Wednesday, September 9, 2015

Can Uber beat buses?

This is Joseph

In an interesting experiment, Uber is trying to reinvent the urban bus system.  At first glance this sounds insane -- we already have a transit system and it is subsidized.  That said, it has some pretty massive inefficiencies in it.  Consider:
As a small example, I was riding the bus on Sunday and getting annoyed with how frequently it stopped. If you eliminated half the stops, I tweeted, the buses would go way faster and DC transit would be much better. Nobody disagreed with me but everyone pointed out the problem: better eliminate the other guy's stop, not mine. That's the logic of politics, so change doesn't happen. A private company wouldn't do that. They would ruthlessly alienate a noisy minority of customers in order to drastically improve service at zero financial cost.
Not part of this argument is the odd cultural idea that private industry should favor efficiency above all else whereas the government should favor "accountability" or some such objective.  That said, Houston (of all places) seems to have risen above these issues to create a much better bus system

It also can't be a quirk of geography.  Canada has the same basic geographical issues (possibly a tad worse but that can be debated) and manages to have excellent public transit.  Just try taking public transit in Toronto to see the amazing difference.  And these are systems that, as a user, I could see ways to improve.

The last piece here is that the biggest barrier to being 100% transit is to have reliable and frequent transit.  I had this in graduate school and lived for five years without a car.  During part of that time I was quite disabled due to an injury, and I found the frequent service made up for the longer walks between bus stops.  Yes, you occasionally missed a bus.  But when the next one was 10 minutes away it was a completely different type of disaster.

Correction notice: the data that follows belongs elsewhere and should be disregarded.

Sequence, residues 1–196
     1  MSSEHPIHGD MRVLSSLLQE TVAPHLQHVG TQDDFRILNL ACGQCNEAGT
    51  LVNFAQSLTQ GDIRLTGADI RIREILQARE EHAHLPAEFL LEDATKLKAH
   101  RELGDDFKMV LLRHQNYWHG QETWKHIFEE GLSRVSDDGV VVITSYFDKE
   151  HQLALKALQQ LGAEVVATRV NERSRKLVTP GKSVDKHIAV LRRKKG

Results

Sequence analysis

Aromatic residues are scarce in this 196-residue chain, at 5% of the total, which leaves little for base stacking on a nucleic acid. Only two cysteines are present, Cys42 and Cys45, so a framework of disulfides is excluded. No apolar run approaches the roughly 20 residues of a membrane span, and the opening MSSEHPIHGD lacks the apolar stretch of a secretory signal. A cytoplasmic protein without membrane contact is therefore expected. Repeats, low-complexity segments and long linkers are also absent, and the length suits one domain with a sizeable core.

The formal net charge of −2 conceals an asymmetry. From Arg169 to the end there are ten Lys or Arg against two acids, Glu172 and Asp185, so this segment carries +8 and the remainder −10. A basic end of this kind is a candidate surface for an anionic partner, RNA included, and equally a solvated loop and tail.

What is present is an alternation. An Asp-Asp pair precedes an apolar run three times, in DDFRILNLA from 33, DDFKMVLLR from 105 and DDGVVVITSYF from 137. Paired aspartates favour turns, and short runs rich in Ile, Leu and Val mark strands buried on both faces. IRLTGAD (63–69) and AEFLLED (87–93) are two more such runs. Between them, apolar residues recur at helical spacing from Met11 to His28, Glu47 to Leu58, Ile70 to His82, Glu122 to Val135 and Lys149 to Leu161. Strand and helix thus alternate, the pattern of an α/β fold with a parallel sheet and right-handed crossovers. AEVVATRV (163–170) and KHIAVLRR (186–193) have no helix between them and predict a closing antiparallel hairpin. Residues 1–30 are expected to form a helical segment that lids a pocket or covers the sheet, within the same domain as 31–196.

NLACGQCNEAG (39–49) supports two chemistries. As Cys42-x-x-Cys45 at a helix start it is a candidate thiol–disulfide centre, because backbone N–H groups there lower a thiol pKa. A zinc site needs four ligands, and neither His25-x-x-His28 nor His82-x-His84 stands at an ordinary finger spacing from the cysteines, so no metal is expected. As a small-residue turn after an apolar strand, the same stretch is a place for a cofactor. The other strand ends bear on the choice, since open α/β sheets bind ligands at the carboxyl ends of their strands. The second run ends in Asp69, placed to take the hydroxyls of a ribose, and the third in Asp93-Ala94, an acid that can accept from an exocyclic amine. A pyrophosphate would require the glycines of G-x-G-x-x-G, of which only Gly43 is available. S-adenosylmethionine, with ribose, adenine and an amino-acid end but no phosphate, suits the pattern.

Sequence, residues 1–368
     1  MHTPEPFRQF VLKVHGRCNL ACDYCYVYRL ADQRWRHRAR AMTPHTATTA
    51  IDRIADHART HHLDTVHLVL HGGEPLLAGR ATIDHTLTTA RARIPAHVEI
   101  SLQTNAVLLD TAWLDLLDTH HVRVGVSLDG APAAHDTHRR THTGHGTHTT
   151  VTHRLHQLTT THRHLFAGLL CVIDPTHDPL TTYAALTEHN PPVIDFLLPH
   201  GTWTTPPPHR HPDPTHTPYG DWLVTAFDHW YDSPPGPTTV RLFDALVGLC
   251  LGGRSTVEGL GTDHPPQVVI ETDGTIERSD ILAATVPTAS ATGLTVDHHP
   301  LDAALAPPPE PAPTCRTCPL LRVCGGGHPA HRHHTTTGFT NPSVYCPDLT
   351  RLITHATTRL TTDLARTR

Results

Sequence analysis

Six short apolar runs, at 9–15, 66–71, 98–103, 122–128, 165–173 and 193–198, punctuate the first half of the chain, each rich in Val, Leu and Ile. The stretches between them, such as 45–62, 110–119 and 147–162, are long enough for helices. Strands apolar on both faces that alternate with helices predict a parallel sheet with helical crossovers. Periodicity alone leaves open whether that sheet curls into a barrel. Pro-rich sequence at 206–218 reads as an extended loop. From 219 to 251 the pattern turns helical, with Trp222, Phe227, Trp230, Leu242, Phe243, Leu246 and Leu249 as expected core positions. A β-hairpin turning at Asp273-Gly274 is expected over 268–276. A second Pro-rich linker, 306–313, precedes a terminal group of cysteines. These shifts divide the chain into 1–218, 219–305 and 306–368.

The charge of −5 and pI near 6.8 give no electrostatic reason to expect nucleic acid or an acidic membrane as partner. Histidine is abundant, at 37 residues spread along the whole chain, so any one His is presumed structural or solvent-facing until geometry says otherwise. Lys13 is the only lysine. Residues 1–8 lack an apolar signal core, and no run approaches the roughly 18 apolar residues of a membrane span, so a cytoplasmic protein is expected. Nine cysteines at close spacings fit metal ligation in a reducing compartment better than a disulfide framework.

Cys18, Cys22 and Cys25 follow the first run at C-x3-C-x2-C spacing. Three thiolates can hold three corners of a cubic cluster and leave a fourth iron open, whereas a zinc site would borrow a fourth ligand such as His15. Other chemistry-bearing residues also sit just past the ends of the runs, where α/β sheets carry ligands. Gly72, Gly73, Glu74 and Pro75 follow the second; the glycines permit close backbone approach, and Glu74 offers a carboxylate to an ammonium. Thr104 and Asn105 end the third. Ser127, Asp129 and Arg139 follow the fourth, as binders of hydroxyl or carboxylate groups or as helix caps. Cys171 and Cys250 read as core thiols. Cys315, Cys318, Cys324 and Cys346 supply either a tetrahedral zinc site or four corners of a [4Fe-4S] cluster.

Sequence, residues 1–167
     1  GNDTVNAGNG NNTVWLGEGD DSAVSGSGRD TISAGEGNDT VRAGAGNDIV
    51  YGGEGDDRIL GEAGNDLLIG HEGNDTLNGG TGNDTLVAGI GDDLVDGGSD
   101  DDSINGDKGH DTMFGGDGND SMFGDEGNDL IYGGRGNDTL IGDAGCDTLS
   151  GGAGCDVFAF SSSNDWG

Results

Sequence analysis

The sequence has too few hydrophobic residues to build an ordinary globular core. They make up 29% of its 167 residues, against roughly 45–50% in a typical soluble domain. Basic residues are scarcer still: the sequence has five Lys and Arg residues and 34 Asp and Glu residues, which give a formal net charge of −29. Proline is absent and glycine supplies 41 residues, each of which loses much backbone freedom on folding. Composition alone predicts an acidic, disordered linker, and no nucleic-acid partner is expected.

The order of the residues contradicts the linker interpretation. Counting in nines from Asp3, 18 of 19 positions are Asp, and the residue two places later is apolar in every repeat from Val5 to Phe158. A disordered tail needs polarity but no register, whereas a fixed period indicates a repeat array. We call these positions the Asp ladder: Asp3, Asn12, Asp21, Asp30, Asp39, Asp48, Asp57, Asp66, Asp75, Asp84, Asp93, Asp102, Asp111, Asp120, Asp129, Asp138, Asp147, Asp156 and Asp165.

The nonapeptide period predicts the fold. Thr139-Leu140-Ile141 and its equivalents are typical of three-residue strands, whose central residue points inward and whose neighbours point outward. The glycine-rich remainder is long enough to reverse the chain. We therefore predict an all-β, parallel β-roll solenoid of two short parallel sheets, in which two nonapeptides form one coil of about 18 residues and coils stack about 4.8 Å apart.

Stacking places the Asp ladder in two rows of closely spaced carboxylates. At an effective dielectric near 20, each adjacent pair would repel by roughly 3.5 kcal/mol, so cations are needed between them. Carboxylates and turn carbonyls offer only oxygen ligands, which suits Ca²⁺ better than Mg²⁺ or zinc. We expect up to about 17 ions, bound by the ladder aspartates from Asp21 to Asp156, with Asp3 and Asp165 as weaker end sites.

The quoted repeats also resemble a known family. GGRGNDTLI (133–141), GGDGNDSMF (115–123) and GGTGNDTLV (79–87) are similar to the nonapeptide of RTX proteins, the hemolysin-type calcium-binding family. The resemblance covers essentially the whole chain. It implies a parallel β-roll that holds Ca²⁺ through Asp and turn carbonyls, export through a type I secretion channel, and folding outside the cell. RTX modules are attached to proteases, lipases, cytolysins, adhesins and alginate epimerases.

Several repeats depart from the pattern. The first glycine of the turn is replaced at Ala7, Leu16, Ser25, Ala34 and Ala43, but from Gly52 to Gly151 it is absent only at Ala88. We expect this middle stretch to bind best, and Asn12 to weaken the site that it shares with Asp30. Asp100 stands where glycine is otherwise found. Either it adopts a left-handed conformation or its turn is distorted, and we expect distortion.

1. Joseph:

    Buses in a lot of places are just crap. Besides the obvious constraints (without a dedicated lane, a bus can get stuck in traffic a lot), I'm also noticed that buses are huge, sometimes you even see these double-sized buses that take forever to load and unload at each stop. Why a bus with capacity 60 passengers rather than 3 buses holding 20 people each and running 3 times as often? I've always assumed it's because the priority goal is to keeping labor costs down. Also, I assume that public buses lose money on each passenger, so they don't have a direct motivation to make buses more pleasant or convenient.

  2. Andrew,

    My example of an efficient bus service is Vancouver, BC (Canada). They used a number of innovations to make big buses work. One of them is that you generally do not pay or validate to board a bus. So people enter and exit from all bus doors at the same time making loading more efficient.

    [they rely on random inspections to keep people honest about having a buss pass]

    The main line runs every 5 minutes at peak times. It's more reliable than trying to drive in that environment, and faster than bicycling (although that is also popular in BC).

    So innovation can improve efficiency. Here the key piece was to accept a small rate of people sneaking on the bus and hoping not to get caught to dramatically improve the efficiency for all riders.

  3. Joseph:

    If the buses are coming every 5 minutes, that's great. But my impression is that in most cities, including NY, they don't want to run buses every 5 minutes because they don't want to pay so many bus drivers.